• The organosiloxane containing silicon-bonded hydrogen atoms are also known in the art as described, for example in U.S. Pat. No. 3,983,298. The hydrogen atoms in this component may be located at terminal, pendant (non-terminal), or both terminal and pendant positions. The remaining silicon-bonded organic groups in this component are independently selected from the group consisting of monovalent hydrocarbon and monovalent halogenated hydrocarbon groups free of aliphatic unsaturation. These groups typically contain from 1 to about 20 carbon atoms, alternatively from 1 to 8 carbon atoms, and are exemplified by, but not limited to alkyl such as methyl, ethyl, propyl, and butyl; aryl such as phenyl; and halogenated alkyl such as 3,3,3-trifluoropropyl. In one embodiment of the invention, at least 50 percent of the organic groups in the organosiloxane containing silicon-bonded hydrogen atoms are methyl.
  • The structure of the organosiloxane containing silicon-bonded hydrogen atoms is typically linear, however it may contain some branching due to the presence of trifunctional siloxane units. The viscosity of the organosiloxane containing silicon-bonded hydrogen atoms can be any desired. For example, it can be less than 100,000 mm2/second and, alternatively, 5-500 mm2/second.
  • The organosiloxanes containing silicon-bonded hydrogen atoms can be used in the composition of this invention in an amount of 1-30 wt. % based on the weight of the composition, alternatively 5-20 wt %, and alternatively 5-15 wt. %. In one embodiment, the amount of hydrogen group present in the organosiloxane containing silicon-bonded hydrogen atoms is between 0.05% -1.44 wt % based on the weight of the organosiloxane containing silicon-bonded hydrogen atoms.
  • Methods of preparing the organosiloxane containing silicon-bonded hydrogen atoms of the present invention by co-hydrolysis of the appropriate chlorosilanes are known in the art. U.S. Pat. No. 2,877,255 to Clark; Japanese Laid Open Patent Application (KOKAI) SHO 62(1987)-39660 to Mogi et al.; and U.S. Pat. No. 5,446,185 and U.S. Pat. No. 5,493,040 to Cobb et al., which are all hereby incorporated by reference.
  • The ratio of (H as SiH)/(Alkenyl as Si-Alkenyl) is generally in the range of 0.1:1 to 10:1.
  • The hydrosilylation catalyst promotes the addition reaction of the alkenyl-substituted polydiorganosiloxane with the organosiloxane containing silicon-bonded hydrogen. The hydrosilylation catalyst can be any of the well known hydrosilylation catalysts comprising a platinum group metal, a compound containing a platinum group metal, or a microencapsulated platinum group metal or compound containing same. These platinum group metals include platinum, rhodium, ruthenium, palladium, osmium and iridium. Platinum and platinum compounds are preferred catalysts based on their high activity level in hydrosilylation reactions. One class of platinum catalysts is the complexes of chloroplatinic acid with certain vinyl-containing organosiloxane compounds disclosed by Willig in U.S. Pat. No. 3,419,593, which is hereby incorporated by reference. A specific catalyst of this type is the reaction product of chloroplatinic acid and 1,3-diethenyl-1,1,3,3-tetramethyldisiloxane.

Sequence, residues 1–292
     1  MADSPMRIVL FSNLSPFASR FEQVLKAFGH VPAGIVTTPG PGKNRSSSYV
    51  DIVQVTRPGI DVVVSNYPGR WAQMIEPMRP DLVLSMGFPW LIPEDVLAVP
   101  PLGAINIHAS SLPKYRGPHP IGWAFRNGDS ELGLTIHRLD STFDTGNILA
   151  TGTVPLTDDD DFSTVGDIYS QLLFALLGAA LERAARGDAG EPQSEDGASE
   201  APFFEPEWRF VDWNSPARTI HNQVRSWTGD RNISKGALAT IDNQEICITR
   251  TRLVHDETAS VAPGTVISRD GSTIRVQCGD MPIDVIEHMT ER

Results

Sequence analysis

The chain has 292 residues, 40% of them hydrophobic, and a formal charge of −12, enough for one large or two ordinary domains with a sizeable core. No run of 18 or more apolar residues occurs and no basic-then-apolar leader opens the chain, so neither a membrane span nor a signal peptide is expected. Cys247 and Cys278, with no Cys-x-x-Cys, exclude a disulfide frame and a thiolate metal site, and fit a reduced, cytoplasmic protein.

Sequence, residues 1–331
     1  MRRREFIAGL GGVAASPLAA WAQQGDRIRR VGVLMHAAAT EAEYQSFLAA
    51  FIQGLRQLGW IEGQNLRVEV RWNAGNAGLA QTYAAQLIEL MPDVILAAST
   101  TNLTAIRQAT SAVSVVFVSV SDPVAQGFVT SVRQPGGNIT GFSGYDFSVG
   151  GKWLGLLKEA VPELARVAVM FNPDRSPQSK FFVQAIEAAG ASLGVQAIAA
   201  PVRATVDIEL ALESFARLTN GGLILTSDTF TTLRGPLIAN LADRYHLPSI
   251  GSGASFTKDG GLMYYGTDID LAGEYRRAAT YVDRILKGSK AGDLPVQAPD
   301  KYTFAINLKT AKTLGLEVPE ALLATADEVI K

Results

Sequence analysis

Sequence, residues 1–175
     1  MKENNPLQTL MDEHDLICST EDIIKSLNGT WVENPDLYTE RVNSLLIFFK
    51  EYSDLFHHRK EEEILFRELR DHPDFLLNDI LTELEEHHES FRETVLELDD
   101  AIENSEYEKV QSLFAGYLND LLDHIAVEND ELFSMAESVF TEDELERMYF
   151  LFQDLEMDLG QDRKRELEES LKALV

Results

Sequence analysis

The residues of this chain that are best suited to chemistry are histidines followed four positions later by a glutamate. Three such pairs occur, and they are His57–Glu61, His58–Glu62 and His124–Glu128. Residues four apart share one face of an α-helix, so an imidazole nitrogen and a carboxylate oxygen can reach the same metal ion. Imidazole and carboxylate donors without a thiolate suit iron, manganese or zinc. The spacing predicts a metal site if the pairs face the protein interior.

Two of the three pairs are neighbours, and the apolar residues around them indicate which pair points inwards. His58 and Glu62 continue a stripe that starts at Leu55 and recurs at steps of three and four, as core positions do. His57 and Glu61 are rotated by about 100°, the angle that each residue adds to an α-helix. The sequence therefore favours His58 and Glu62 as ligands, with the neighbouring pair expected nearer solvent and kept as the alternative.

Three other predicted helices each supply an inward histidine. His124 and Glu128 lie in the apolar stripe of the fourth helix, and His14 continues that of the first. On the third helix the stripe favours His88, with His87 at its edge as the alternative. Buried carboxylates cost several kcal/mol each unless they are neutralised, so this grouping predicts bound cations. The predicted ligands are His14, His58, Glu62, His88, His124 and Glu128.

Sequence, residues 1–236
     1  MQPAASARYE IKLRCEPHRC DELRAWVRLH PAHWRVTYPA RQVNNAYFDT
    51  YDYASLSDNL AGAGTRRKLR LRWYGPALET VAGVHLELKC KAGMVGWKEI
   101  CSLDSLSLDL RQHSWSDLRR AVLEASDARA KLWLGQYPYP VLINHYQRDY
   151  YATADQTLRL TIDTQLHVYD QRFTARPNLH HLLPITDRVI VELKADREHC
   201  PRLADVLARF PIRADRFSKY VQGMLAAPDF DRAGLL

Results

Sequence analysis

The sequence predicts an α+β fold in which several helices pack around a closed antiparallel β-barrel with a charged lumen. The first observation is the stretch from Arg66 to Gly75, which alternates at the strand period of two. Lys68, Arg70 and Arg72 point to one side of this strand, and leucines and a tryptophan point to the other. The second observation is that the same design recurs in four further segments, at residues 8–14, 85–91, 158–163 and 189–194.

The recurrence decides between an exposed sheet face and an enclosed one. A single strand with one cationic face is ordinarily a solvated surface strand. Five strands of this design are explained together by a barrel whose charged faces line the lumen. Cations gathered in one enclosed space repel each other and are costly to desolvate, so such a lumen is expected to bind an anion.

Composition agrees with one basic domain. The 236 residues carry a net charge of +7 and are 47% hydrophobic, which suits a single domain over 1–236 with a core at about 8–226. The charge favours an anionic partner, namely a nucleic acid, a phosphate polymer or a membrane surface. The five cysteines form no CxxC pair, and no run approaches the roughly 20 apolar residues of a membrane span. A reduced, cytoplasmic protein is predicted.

• The hydrosilylation catalyst is present in an amount sufficient to cure the composition of the present invention. Typically, the concentration of the catalyst is sufficient to provide from 0.1 to 500 ppm (part per million), alternatively from 1 to 100 ppm, alternatively from 1 to 50 parts per million of a platinum group metal, based on the combined weight of the other components.
  • The gels of the present invention also contain at least one hydroxy-substituted siloxane resin. This resin increases the adhesion of the gel to the medical substrate and the skin. This resin comprises R3SiO1/2 units (M units) and SiO4/2 units (Q units) wherein each R is independently a linear, branched or cyclic hydrocarbon group having 1-20 carbon atoms. R can be unsubstituted or substituted with halogen atoms. Each R can be identical or different, as desired. The hydrocarbon group of R can be exemplified by alkyl groups such as methyl, ethyl, propyl, butyl, hexyl, octyl3,3,3-trifluoropropyl, chloromethyl, and decyl, alkenyl groups such as vinyl and hexenyl, cycloaliphatic groups such as cyclohexyl, aryl groups such as phenyl, tolyl, and xylyl, chlorophenyl, and aralkyl groups such as benzyl, styryl and alpha-methylstyryl. Alternatively, each R group is an independently selected alkyl or alkenyl group comprising 1 to 8 carbon atoms or aryl group comprising 6 to 9 carbon atoms. Alternatively, each R group is independently selected from methyl and vinyl.
  • If an alkenyl group is present in the resin, typically the mole % of R groups present as alkenyl groups is less than 10%, alternatively less than 5%. For example, if the resin contains vinyl groups, typically they are present in an amount of less than 5 wt. % of the resin solids, alternatively less than 2.5 wt. % of the resin solids, alternatively 1.5-2 wt. % of the resin solids.